The problem with human problems is not the problems, but it is the humans who are looking at the problems.
More often than not, we like shortcuts and simplicity. In many cases, those things work well and they keep the earth spinning and moving. However, being obsessed with shortcuts and simplicity can create an illusion of an ideal world and that things should go according to the ideal way.
If we are talking about robots, then that is definitely the case. Robots will follow the algorithms set in their programming (unless you watch too many apocalyptic movies). But even then, we still can end up with glitches.
Humans are not robots. The same medicine may or may not work for two different human beings. We like to think that the same medicine will work because we like to think that we are all exactly the same. That knowledge keeps our worries at bay, but it does not acknowledge a simple fact which actually can solve the problem rather than simply sweeping the dusts under the carpet. That fact is this: human beings are more complicated than that.
Having the trust of one person is a priviledge, because that means that the person gives us permission to enter into his or her life. Someone’s life is someone’s privacy. We don’t just go in and make ourselves comfortable. We will get kicked out or, in some places, we might get sued. So when someone willingly opens his or her door to us, we should enter with care and compassion.
Oh, and leave our shoes outside.
When we talk about dealing with people, we should prefer personalization (customizing our approach to individual’s uniqueness) over standardization (same approach for all). Having said that, standardization has a place, but personalization has a bigger place.
When someone has a problem, don’t be too quick to grab an answer from the answer scheme in our memory bank. This is not a school examination where we can get by with memorizing answers and spitting them out on a paper. This is real life, with its nuances and complexities.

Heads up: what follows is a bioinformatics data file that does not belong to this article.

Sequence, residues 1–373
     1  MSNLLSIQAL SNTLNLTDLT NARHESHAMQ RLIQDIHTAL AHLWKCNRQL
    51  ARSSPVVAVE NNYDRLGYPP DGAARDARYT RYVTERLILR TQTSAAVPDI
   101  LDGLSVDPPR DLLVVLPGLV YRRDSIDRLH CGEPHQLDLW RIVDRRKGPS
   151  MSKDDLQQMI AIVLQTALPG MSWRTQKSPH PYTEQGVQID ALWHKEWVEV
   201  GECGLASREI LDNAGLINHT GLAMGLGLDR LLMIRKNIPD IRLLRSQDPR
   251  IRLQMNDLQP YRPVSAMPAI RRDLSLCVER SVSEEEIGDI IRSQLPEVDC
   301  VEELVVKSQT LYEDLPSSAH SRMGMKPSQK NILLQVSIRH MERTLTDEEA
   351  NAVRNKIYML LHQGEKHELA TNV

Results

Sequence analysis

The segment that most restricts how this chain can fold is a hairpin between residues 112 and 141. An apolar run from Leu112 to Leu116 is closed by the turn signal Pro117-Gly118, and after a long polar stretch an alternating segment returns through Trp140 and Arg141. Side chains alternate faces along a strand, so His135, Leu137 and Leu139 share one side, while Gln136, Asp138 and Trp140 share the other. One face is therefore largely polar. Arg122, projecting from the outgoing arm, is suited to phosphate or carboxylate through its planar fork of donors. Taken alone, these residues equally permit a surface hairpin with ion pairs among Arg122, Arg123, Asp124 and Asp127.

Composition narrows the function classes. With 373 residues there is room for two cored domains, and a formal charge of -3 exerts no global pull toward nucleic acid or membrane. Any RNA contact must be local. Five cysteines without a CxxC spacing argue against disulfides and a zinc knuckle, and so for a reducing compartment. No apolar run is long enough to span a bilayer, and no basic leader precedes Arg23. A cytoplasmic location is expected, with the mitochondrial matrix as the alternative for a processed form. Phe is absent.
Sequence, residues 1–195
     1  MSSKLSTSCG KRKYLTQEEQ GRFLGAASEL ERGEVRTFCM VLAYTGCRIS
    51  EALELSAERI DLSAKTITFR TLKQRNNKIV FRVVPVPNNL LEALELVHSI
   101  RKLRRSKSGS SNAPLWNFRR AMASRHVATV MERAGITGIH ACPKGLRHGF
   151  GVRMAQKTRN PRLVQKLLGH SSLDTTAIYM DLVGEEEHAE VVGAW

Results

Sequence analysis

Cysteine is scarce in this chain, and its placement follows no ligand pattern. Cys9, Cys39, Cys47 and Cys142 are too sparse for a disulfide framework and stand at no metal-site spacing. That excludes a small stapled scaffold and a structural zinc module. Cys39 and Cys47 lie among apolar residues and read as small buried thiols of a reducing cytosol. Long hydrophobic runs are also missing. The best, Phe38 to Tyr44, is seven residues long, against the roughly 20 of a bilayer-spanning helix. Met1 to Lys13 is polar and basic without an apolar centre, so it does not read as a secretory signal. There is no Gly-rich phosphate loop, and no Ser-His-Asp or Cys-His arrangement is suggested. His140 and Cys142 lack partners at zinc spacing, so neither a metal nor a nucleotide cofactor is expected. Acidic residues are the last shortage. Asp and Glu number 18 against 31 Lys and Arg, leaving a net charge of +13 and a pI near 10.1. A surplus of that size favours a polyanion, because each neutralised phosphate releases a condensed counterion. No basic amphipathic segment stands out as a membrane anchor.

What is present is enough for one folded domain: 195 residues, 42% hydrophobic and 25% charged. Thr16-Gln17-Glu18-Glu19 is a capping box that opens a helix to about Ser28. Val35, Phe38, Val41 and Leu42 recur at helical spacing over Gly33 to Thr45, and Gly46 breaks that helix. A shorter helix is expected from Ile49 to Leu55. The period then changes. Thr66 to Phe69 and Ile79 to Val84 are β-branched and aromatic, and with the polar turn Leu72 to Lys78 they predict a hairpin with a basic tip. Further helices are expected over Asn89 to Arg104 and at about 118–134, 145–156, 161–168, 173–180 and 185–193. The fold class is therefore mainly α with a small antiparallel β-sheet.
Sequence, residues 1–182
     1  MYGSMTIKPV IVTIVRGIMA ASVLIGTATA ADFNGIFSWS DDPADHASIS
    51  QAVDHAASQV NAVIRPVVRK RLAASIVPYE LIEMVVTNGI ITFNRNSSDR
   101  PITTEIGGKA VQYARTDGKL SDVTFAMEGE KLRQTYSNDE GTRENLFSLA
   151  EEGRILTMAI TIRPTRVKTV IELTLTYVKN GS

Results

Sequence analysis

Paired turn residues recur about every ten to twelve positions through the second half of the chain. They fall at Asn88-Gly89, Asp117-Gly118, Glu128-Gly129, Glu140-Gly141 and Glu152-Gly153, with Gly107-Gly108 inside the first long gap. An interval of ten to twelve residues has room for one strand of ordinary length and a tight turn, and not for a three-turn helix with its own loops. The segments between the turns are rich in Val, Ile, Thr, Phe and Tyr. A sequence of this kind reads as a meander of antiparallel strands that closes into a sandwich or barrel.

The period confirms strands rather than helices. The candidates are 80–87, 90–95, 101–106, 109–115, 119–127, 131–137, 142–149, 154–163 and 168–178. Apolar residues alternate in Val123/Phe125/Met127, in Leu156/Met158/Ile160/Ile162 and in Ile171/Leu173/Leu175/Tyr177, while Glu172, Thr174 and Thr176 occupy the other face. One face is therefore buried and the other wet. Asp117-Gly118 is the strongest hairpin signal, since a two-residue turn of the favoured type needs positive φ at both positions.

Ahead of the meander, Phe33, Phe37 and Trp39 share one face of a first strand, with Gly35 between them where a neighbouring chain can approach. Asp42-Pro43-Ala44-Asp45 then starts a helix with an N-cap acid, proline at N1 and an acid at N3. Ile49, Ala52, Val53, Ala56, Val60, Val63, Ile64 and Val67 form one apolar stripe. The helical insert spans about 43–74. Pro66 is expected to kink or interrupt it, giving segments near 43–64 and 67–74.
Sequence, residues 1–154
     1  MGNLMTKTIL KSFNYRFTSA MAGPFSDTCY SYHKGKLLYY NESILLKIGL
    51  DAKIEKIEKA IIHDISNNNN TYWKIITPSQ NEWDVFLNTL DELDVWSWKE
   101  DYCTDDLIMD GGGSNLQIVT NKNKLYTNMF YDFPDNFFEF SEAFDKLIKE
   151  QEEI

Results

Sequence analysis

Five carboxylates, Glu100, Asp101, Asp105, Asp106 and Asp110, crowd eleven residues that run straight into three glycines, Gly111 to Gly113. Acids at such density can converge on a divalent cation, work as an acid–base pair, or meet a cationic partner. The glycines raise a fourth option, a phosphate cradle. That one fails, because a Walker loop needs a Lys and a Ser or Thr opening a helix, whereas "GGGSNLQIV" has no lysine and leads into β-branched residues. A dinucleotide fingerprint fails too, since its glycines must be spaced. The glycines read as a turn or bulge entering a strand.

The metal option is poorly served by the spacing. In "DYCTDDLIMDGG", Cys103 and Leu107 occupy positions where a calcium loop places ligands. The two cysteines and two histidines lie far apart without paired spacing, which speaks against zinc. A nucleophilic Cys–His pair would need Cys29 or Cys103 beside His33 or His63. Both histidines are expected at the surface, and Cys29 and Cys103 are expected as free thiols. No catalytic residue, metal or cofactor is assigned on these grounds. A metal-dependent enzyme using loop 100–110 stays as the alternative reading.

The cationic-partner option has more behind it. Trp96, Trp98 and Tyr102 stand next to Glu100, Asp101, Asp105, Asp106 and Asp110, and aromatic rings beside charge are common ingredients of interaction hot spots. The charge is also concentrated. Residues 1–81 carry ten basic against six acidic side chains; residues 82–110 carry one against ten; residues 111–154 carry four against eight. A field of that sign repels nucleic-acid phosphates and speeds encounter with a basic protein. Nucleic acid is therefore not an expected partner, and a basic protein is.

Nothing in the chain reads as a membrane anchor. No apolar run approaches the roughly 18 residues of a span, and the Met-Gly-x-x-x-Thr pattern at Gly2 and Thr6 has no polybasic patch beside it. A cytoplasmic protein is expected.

We need to pause and resist the temptation to view other people’s problems through our lens, thinking that everyone should know what we know and everyone should perceive what we perceive. We need to cultivate the skill of looking at the world through the eyes of the other. Only then do we truly understand (or at least make a sincere attempt at understanding) the problems faced by others.
Each of us is different from the other. We are different people; different backgrounds, different tastes, different personalities, different group of friends, different upbringing, different cultures, different subcultures, different neighbourhoods, different education, etc.
Whenever we talk about people, these are the kind of things that we need to keep in mind – our differences. Not so that we can alienate and discriminate each other, but so that we can help a person in ways that would actually solve the person’s problems and not in ways that would only serve to satisfy our ego.
Helping people is not serving us. It is about serving the other. To be in a position of service is an honour and a blessing, with or without a material reward. Yes, it is also a difficult position to be in. But such is the reality of life.
There are universal principles which we should hold on to, but those principles manifest themselves differently in different times and places, with different people. We need to be adapting and evolving, while remaining true to our roots.
We shouldn’t reduce life to black and white; thinking that there is a one-size-fits-all answer, thinking that we can just copy and paste that answer, and thinking that it will produce the exact same result with anyone.
Face fact: Life is complex. Life is difficult.
The moment we realize that, it becomes easier.